GooTube is based on my last year's experiment – Black Hole Sun and similarly uses face.com API technology to find feature points in a face, but then BRF's Point Tracker is used to track these points and finally HiSlope helps to apply the distortions to the live webcam feed.
Both apps utilise FaceBook connect so it's even easier to socially share your alter ego (and even set your FB profile pic!) Now go and make goofies out of yourselves. And don't forget to spread the word - boooooooooo!
Many thanks to PtitJean for his initial face.com API for AS3.01:40 PM | posts | 0 Comments | Tags: as3, brf, webcam, toy, fun, halloween, experimental, fx, flash, hislope
Another awesome FOTB is over.
I had a big pleasure (and even a greater stress haha!) to be a speaker this year – thanks to John Davey and everybody voting and coming to see my Riding the HiSlope! session – it means a lot to me. Generally, I like to improve things and I will be grateful for any feedback.
I've seen many inspiring talks, meet tons of people, drunk loads, made new friendships (hi Polish Flash Mafia) etc. All that resulted to a massive body strike which I am still recovering from. It was so worth it though.
Right, I don't think my session slides would do best on their own, so won't put them up (unless you demand). Here's the list of topics I've covered with the references:
Used for face (and face features) detection. A great research done by Adam Harvey and his CV dazzle – how to stop the machines recognising faces (if we ever need to). Then finally the video showing scanning and matching the wavelets.
As described in the Servo magazine.
Check my blog post which is actually the 2nd hit when you google for "blob detection".
Halftoning and Rasterization
Check face.com and face.com AS3 wrapper by ptitJean and forked by me. There are updates on the way (some already in HiSlope), mainly parsing face attributes into VOs and the new FaceBook OAuth 2.0 support.
Big thanks to Marcel Klammer (I love you!) and Christian Walther (still not sure what the heck you were doing in that hotel room) for loads of help and remote moral support.
Doomsday Console 2
Amazing console developed by the mighty Andreas Rønning (how's your bum dude?) – download from http://code.google.com/p/doomsdayconsole/. I am looking deeply into it, it may result in writing some UI plugins and/or HiSlope integration/collaboration/whatever. Good work!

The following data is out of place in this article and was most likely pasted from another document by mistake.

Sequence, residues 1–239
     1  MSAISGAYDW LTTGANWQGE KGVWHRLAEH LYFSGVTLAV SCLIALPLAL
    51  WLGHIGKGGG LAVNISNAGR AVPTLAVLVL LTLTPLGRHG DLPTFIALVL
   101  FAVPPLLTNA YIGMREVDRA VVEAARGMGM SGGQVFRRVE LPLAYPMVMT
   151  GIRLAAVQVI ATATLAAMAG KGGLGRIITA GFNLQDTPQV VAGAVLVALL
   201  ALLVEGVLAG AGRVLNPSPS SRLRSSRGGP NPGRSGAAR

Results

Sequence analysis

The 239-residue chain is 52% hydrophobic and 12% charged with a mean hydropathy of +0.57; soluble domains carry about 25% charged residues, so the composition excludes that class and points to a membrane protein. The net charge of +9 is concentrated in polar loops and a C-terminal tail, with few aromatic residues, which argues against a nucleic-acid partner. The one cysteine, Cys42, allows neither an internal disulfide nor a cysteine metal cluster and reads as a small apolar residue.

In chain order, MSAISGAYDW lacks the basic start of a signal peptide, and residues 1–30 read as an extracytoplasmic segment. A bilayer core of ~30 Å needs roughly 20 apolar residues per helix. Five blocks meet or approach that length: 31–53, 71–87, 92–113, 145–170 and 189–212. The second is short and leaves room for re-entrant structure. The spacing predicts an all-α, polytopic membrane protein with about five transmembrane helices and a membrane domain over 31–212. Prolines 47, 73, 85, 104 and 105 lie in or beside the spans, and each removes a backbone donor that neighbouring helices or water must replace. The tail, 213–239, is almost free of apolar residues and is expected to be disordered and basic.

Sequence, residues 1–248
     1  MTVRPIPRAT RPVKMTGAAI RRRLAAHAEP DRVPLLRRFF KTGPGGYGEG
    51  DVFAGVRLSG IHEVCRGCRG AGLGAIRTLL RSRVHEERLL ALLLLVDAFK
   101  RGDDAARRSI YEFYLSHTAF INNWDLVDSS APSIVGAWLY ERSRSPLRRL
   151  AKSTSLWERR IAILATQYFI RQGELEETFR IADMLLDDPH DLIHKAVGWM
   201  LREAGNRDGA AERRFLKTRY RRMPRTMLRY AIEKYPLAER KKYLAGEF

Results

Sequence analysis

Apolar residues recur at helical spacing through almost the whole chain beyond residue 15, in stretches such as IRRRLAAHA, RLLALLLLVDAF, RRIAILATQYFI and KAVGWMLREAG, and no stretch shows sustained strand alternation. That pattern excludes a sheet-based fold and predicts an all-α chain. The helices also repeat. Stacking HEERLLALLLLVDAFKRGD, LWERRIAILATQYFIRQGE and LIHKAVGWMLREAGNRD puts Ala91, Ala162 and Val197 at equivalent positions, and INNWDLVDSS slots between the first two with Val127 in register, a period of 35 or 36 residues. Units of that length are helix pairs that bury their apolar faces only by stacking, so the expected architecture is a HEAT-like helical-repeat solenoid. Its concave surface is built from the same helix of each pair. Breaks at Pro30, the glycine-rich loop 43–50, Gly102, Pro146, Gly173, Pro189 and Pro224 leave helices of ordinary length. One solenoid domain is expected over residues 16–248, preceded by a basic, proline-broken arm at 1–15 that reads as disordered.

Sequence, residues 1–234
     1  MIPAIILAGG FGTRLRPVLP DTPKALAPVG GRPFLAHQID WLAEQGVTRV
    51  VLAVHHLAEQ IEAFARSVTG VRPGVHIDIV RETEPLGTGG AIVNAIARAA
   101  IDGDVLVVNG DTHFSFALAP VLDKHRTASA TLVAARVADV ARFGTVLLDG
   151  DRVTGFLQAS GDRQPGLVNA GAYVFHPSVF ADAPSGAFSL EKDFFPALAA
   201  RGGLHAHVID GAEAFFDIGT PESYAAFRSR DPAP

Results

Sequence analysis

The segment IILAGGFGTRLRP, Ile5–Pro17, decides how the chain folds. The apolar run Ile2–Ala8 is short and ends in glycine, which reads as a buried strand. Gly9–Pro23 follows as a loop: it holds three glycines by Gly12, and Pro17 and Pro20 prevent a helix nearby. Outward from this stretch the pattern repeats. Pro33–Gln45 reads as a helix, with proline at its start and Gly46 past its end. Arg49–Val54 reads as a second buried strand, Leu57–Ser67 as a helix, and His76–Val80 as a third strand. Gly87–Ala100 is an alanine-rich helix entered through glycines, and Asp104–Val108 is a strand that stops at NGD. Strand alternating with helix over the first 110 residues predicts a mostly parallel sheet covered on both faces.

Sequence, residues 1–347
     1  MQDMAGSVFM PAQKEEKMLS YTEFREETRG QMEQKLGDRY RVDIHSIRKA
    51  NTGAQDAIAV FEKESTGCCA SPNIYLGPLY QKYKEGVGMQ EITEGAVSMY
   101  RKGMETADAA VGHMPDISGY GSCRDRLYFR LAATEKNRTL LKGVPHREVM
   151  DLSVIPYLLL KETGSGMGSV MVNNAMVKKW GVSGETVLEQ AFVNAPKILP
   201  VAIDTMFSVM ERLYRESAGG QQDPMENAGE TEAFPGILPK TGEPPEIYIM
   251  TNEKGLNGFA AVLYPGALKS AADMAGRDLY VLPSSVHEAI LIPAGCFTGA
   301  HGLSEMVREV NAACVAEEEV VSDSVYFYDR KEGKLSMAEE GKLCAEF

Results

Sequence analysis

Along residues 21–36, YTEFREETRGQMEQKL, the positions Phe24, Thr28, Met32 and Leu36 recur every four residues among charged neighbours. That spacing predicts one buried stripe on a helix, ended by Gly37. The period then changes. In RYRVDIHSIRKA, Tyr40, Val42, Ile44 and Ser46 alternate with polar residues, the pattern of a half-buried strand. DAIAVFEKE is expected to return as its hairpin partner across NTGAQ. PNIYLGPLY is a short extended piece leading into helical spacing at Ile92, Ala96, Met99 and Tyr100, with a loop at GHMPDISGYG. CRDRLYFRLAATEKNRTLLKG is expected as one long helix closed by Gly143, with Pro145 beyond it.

Last thing – I was hugely impressed by Seb's PixelPhones, I've had a similar concept, except Seb had done it – and it's far far better that I'd ever do it. Lots of people had asked how this was done and I shall describe it (with a little demo) in my next blog post. Stay tuned.02:10 PM | posts | 1 Comment | Tags: fotb, talk, hislope, presentation, fun
Warning, this is rather hot news – my session at Flash on the Beach has been officially confirmed. This obviously means HiSlope will get more (and proper) love soon! Let me know if you have any suggestions, questions, feature requests etc.
Just email me at my_first_name [at] blog2t [dot] net (spambots suck).
There will be a few "off HiSlope" bits and bobs coming before that though. We are working like mads at 55degrees.co.uk now to finish off all the interactive Riverside Museum exhibits, but after that... got some tasty rejected concepts and prototypes to share...
And if you are going to OFFF 2011 this year – see you there! Let's feed the future (as they say).08:42 PM | posts | 1 Comment | Tags: talk fotb flash
The idea was chasing me for a while but there was no time to finish it. Until now... Halloween! – seems to be perfect day for this. So, here you go: HiSlope + face.com API mash-up, click below and go into some wild disguise!
This was possible with PtitJean's AS3 face.com API (thanks so much Jean!) Audial delight by Sound Garden – if I now say "Go and buy this track" their label won't sue me, will they? ;-)
The source will be released shortly on GitHub as HiSlope upgrade so watch out. Also there will be something special coming soon, I've teamed up with Marcel Klammer – genius that wrote Virtual Mirror and will be rolling some cool stuff out to you.
Tags: hislope, halloween, experimental, api